Another busy week gone, and still the actual research hasn’t started. On the other hand, I had a trip to Sheffield yesterday because I wanted to treat myself to an iPod. Which I did. And the first thing I downloaded was a JISC podcast about web 2.0! How sad is that? If you’re interested it’s at http://www.jisc.ac.uk/news/stories/2007/08/podcast07lawriephippsdavidwhite.aspx
Anyway the point is that I took the opportunity of the train ride back to give some serious thought to where I want to be with this research, and I think I’ve got somewhere. I had a good go at coming up with an interview schedule, but following Michael Yin’s (1994) advice I sat down and wrote myself a project overview. Why am I doing it, and what are the main issues. So here it is
Primarily it is for my doctoral thesis. But also I am interested in what is driving the educational development unit from a professional point of view. My own feeling is that we (meaning the educational development community) have spent far too much time responding to managerial imperatives, like
1) The need to increase the bottom line (putting in project bids that, if we are successful run the risk of taking time away from what we should be doing.) Actually, that is putting it far too crudely. I think what I’m getting it is that the agenda risks being subtly changed from the requirements of the institution to the requirements of the funder. (Actually, in practice, I don’t think that has happened with the only bid I’ve been successful with, because it was relevant to what my own institution wanted to do.) But it does raise a question about the value of bidding per se.
2) Responding to National Student Survey – problem here, is that we are likely to be picking on one area, (in which we did least well) and concentrating on that to the exclusion of other things where we may be more effective. And of course, whatever that weakness is, there is an assumption that it is not influenced by the context in which it is showing.
3) Skills development programmes – Appears to be a belief that students need “skills development”. Actually, I see little evidence of this. Some, certainly are very weak indeed in basic skills. The elephant in room is of course the question of what are they doing at University at all, but given that they are, and accepting that “skills” programmes can make any difference, how do we identify and support those students who need them? Because, surely, inflicting such programmes on those who do not need them is a waste of everyone’s time.
4) Technology for the sake of it. Here I mean the uncritical rush to technological solutions that are, to coin a phrase, looking for problems. Actually, this has become less of an issue in recent years as commercial providers have got a better handle on what is needed. But we should be thoughtful about our use of technology, and it’s true that it is a bit more difficult. If you want to innovate you sometimes have to create an environment in which people can – and that really needs a crystal ball.
Those are examples of the sort of thing I mean. I (as you’ve probably guessed) am somewhat sceptical about their value, but I certainly accept that they matter to University Senior managers and that no EDU can safely ignore them. The challenge is to make them relevant to the innovative work of the unit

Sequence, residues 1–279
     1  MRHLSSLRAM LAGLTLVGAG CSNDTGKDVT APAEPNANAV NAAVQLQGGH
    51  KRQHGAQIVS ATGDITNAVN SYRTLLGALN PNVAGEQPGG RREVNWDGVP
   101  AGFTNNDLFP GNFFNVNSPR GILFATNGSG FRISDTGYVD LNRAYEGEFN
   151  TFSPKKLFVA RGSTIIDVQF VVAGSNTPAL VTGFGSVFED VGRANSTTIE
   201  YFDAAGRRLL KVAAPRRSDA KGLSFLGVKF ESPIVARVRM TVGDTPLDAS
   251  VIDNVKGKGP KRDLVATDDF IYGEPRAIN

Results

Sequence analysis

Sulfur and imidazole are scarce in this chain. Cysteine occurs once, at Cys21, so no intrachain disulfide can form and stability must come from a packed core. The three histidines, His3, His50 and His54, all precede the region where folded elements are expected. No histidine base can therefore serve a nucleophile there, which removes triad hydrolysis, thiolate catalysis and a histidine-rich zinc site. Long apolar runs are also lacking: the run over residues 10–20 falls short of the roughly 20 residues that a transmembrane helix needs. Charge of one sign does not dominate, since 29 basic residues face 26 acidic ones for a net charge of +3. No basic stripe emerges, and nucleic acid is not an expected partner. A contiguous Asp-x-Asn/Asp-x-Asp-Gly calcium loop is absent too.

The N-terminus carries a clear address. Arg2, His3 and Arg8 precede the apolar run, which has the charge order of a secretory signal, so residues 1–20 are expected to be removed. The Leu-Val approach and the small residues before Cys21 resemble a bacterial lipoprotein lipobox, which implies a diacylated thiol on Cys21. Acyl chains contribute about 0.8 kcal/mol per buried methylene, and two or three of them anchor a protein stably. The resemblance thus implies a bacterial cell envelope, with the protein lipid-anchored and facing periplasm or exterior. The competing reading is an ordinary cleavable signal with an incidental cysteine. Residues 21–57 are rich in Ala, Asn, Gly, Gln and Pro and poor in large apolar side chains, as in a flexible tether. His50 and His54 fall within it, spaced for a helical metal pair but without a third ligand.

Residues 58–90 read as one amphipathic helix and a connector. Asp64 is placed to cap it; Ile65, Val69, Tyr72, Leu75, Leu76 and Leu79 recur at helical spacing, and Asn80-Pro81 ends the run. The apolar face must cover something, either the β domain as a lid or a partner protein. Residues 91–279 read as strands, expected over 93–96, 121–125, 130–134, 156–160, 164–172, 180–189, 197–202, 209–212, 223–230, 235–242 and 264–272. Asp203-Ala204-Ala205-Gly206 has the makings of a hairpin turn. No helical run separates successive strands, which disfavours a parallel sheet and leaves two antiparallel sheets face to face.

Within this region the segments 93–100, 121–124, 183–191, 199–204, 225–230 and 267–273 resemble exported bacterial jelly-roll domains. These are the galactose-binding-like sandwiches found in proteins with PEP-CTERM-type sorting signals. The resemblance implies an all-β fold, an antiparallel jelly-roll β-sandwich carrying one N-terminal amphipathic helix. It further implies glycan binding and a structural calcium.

But what then is an EDU to do?. Well, I think if all the things above have anything in common, it is that they’re external to what we might call the teaching and learning environment. I think the effective EDU may well be one that builds relationships within its own institution. Examples might include.
1) Project based Teaching awards such as teacher fellowships. But even here, you have to be careful to set your selection criteria to the teaching and learning cultures in the different departments.
2) Involvement in teaching and learning and e-learning strategy development. Again, based on finding out what is going on within different departments, and getting involved with senior management too.
3) Researching into how technology might solve people’s needs. Not necessarily accommodating someone who wants a particular bit of software, but thinking about how a VLE might solve the problem of need within a particular department or faculty – but also how best to deploy that technology, which depends on a complete understanding of the teaching and learning environment.
4) Working to develop a fuller understanding, and articulation of the teaching and learning environment. This seems to me to be crucial for innovation. The problem though is likely to be that a university can contain multiple environments and it is going to be very hard to develop a working model.
5) Building relationships. It seems to me that this is crucial, (and let’s face it, it’s never been a personal speciality of mine!) Nevertheless, I don’t see how you can do educational development without a good range of relationships across all faculties. And of course, I can get on perfectly well with people. In fact it’s important to maintain a level of “customer service” (ghastly phrase, but until I can think of a better one, it will have to do.) No, actually, it won’t do, “customer service” has too many connotations of insincerity. I don’t think the checkout girl in Sainsbury’s actually cares whether I have a nice day!
Well it’s a start. The next thing is to show how my proposed methodology will address these issues. I’ve already come up with an admittedly rather crude research instrument, well, OK then, interview schedule, and I need to spend some time bringing them together. But that should form a sound basis for the methodology chapter of the thesis. Anyway, my reading light has just blown it’s bulb, which might be a sign that I’ve probably done enough for today.
Yin, R. K. (1994) Case study research: Design and Methods, Sage, Thousand Oaks, CA.